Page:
The hit-and-run killing of New Orleans police Officer Rodney Thomas in 2013 and an alleged attempt to hide the damaged sports car involved in the death are now the least of the troubles for Kenneth Halley and John Chambers.

An Orleans Parish jury this week convicted the two men, both 31, of second-degree murder in a pre-Katrina slaying in the Lower 9th Ward, returning the verdict after more than three hours of deliberations.

Prosecutors said Halley and Chambers each fired an AK-47 in broad daylight on April 5, 2005, killing 21-year-old Joseph Lucien.

Halley bowed his head when Criminal District Court Judge Karen Herman read the verdict Wednesday night. Chambers stood silently, twitching his leg.

Herman set a Jan. 4 sentencing date for both men, who face mandatory life prison terms.

District Attorney Leon Cannizzaro’s office resurrected the murder case a month after Halley and Chambers were named among six suspects in the July 2013 hit-and-run case.

Former District Attorney Eddie Jordan’s office had refused to prosecute them for the 2005 murder after two key eyewitnesses “did not wish to testify,” First Assistant District Attorney Graymond Martin testified Wednesday.

But Eugene Mackey and Ryan Rogers took the stand this week to implicate Halley and Chambers in Lucien’s murder on Alabo Street.

Another witness, federal convict Adrian McDaniel, also testified, claiming Chambers admitted to Lucien’s killing during an encounter in the medical unit of Orleans Parish Prison.

McDaniel acknowledged that in return for his testimony, he was hoping for a reduction in the 15-year sentence he received after he pleaded guilty as an accessory to murder after the fact in a 2004 carjacking that went bad.

Chambers’ attorney, David Belfield, sought in vain to cast doubt on the motives of all three witnesses — the crux of the state’s case against Halley and Chambers. Why, Belfield asked the jury, would Chambers and Halley kill Lucien and then drive away, leaving neighbors who knew them from the 9th Ward alive?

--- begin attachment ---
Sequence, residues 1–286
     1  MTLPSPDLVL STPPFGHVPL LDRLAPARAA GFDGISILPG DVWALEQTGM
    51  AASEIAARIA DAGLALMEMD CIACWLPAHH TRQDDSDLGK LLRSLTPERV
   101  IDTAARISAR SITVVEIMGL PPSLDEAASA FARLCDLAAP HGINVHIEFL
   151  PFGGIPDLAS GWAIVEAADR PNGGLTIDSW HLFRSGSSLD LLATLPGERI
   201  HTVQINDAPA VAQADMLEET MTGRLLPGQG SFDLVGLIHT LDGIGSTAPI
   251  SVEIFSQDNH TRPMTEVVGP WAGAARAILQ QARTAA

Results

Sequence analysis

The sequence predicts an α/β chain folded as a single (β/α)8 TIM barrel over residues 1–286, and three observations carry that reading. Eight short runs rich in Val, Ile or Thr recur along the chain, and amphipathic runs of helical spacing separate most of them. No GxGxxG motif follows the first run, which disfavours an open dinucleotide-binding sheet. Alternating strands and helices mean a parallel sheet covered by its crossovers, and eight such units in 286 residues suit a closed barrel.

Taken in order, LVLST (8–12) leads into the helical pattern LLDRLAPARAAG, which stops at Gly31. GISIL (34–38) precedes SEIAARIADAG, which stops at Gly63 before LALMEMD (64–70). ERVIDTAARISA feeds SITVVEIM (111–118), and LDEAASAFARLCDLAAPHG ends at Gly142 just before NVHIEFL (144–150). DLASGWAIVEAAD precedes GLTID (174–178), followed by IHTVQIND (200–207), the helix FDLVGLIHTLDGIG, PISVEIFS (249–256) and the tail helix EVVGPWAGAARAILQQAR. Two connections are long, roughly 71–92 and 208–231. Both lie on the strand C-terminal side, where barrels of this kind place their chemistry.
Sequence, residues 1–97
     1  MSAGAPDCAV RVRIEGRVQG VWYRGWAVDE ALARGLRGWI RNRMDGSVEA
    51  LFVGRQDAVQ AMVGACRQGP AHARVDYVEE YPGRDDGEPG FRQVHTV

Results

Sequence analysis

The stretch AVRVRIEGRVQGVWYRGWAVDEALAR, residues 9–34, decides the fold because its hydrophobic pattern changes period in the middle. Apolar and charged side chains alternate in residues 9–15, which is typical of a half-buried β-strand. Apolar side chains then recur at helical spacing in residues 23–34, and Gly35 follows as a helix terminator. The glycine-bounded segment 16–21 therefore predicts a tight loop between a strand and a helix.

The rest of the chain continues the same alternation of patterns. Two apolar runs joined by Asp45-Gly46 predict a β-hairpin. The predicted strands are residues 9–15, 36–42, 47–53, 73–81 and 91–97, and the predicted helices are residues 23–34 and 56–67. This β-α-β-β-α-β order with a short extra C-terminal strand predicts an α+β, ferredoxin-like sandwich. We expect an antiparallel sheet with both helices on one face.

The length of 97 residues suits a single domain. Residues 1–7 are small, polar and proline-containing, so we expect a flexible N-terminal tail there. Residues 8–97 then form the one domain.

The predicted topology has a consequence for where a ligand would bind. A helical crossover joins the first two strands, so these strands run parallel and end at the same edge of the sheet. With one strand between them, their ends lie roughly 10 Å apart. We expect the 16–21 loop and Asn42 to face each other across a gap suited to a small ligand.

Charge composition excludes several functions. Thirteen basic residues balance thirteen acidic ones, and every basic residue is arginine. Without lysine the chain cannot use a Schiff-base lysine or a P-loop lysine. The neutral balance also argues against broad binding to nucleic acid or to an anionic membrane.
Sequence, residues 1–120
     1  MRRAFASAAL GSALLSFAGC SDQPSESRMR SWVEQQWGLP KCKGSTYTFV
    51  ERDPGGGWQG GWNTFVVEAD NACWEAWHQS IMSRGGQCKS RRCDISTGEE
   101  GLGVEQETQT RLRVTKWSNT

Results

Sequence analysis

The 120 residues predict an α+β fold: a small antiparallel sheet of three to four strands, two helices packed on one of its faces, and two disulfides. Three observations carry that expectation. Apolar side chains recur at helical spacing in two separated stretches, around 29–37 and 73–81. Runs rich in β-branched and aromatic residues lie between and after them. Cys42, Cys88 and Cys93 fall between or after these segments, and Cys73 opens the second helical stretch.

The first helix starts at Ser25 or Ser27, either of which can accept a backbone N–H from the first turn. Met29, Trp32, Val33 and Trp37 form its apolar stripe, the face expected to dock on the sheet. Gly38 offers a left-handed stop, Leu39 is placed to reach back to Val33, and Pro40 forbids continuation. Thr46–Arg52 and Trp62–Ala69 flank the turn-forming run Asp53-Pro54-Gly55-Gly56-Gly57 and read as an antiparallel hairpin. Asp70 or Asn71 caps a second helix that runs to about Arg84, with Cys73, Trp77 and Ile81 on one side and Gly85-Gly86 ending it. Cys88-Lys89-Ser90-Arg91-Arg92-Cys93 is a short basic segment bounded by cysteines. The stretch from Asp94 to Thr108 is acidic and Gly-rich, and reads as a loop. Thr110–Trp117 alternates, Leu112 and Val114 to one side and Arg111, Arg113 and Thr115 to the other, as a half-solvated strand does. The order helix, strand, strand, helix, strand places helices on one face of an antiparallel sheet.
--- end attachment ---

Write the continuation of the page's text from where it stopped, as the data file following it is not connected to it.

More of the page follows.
Assistant District Attorney Taylor Anthony told the jury that Halley and Chambers were leaders of the Deslonde Boys gang and that Lucien had just gotten the better of a friend of theirs in a fistfight.

“Kenny and John took it on themselves to bring a gun to a fistfight,” Anthony said. “Joe Lucien — his body has waited 10 years for justice.”

Prosecutors said Halley fired first and Chambers returned to finish the job with the same assault weapon after seeing that Lucien hadn’t died.

Eight years later, authorities say, Halley and another man, Justin McKey, were driving in Halley’s $80,000 Porsche Panamera when it struck Thomas on the freeway after the NOPD officer had left his truck to check on a stalled car.

Police later found the Porsche at a body shop on Broad Street, close to the Criminal District Court building.

McKey and Halley were booked on manslaughter and obstruction counts in that incident, while Chambers and three others faced charges related to the alleged attempt to hide the high-priced evidence.

Those three other defendants, including auto shop owner Bill Cager, have since pleaded guilty. Prosecutors claimed Cager, too, was a Deslonde Boy.

Herman has not yet set a trial date in the hit-and-run case.

Halley and Chambers also face charges filed in March accusing them of battery after a fellow Orleans Parish Prison inmate went to the hospital with broken bones, records show.

The jury vote for Halley’s guilt was 11-1. Ten jurors agreed Chambers was guilty.

Follow John Simerman on Twitter, @johnsimerman.